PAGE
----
An Ottawa woman is fighting the government to get back thousands of dollars seized from her as she attempted to cross the border at the airport.
In September, Genet Shume, a single mother who came to Canada from Ethiopia, was headed to her home country with her two children to give family and friends the money she had saved working at a bank.
Shume, carrying $12,000 at the airport, was unaware of the restrictions under the Proceeds of Crime (Money Laundering) and Terrorist Financing Act, which require people leaving the country with $10,000 or more in cash or foreign currency to report it to a border services officer.
Authorities seized the $12,000 and asked Shume whether she was involved in drugs or terrorism.
"'Maybe this is for terrorist,' he say," said Shume, adding that she responded, 'I'm not that person. I'm Christian. I'm not for terrorism."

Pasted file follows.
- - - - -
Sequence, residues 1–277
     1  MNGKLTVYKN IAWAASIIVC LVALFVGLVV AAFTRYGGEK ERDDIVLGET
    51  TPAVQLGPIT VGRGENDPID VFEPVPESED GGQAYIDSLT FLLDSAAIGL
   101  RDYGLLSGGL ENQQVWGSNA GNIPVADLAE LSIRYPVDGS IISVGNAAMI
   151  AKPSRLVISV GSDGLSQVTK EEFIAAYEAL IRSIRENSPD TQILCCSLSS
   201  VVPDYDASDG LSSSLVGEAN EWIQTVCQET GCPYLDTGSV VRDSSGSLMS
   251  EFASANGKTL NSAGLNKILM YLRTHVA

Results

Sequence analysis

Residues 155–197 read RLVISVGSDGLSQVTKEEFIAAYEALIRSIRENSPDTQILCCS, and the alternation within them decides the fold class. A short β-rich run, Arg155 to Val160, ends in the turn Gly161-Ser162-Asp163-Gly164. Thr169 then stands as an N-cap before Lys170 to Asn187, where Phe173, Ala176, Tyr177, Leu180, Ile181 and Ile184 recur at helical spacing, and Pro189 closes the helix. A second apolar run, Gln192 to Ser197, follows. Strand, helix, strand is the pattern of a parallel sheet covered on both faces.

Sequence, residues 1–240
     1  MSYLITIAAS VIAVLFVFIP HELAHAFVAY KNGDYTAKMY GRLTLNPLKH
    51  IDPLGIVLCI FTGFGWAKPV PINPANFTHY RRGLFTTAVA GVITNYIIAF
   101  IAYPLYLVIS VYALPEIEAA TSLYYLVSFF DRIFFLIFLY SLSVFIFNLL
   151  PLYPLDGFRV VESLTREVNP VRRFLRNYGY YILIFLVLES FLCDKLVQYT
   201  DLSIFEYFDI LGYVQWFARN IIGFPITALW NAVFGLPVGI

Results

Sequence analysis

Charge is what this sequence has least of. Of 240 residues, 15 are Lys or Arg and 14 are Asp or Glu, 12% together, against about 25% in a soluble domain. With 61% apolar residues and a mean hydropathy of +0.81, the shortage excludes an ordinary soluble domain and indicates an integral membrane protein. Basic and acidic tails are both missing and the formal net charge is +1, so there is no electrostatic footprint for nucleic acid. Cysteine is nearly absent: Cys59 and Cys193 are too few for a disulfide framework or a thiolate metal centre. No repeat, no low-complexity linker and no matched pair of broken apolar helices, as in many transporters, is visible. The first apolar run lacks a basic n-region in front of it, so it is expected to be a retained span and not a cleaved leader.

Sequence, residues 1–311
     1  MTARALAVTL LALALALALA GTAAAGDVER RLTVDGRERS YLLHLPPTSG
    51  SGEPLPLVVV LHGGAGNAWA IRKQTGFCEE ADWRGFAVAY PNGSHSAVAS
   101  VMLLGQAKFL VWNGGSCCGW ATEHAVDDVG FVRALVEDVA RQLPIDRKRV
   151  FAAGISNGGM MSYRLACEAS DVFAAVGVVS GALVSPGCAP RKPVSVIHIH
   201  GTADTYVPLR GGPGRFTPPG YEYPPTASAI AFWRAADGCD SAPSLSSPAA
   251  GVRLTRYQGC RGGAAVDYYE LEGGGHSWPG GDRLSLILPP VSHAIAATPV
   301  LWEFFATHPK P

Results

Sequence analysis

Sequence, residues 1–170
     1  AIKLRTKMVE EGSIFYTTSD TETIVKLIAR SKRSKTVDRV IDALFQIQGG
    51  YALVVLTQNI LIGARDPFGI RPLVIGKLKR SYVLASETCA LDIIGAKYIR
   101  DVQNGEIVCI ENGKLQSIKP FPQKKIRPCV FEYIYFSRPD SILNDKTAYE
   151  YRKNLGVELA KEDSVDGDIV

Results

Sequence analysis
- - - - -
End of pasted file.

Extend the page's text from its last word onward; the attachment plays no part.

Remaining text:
Shume and her children were allowed to board the plane, but she arrived in Ethiopia without any money, and said she was forced to beg for food.
"Some people kind. They give me cookies. One guy he give me every day one litre of milk for my kids," she said.
Misses border appeals deadline
Shume returned to Canada two months later and tried to recover the seized money.
She said an RCMP officer assured her she would get the money back, and as a result of waiting she missed a three-month appeals deadline to the Canada Border Services Agency.
Her lawyer, Russell Kaplan, said Shume missed the deadline but the government needs to show flexibility because of the circumstances.
"They've been shafted," said Kaplan about his client and her kids.
"She was given the impression ... a legitimate expectation of receiving the money," he said.
Meanwhile, Shume, who is also a full-time student, said she has been forced to borrow to get by.
"Oh, Canadian government ... it's poorer than me?" she asks. "Why they need my money? It's for Canadian government."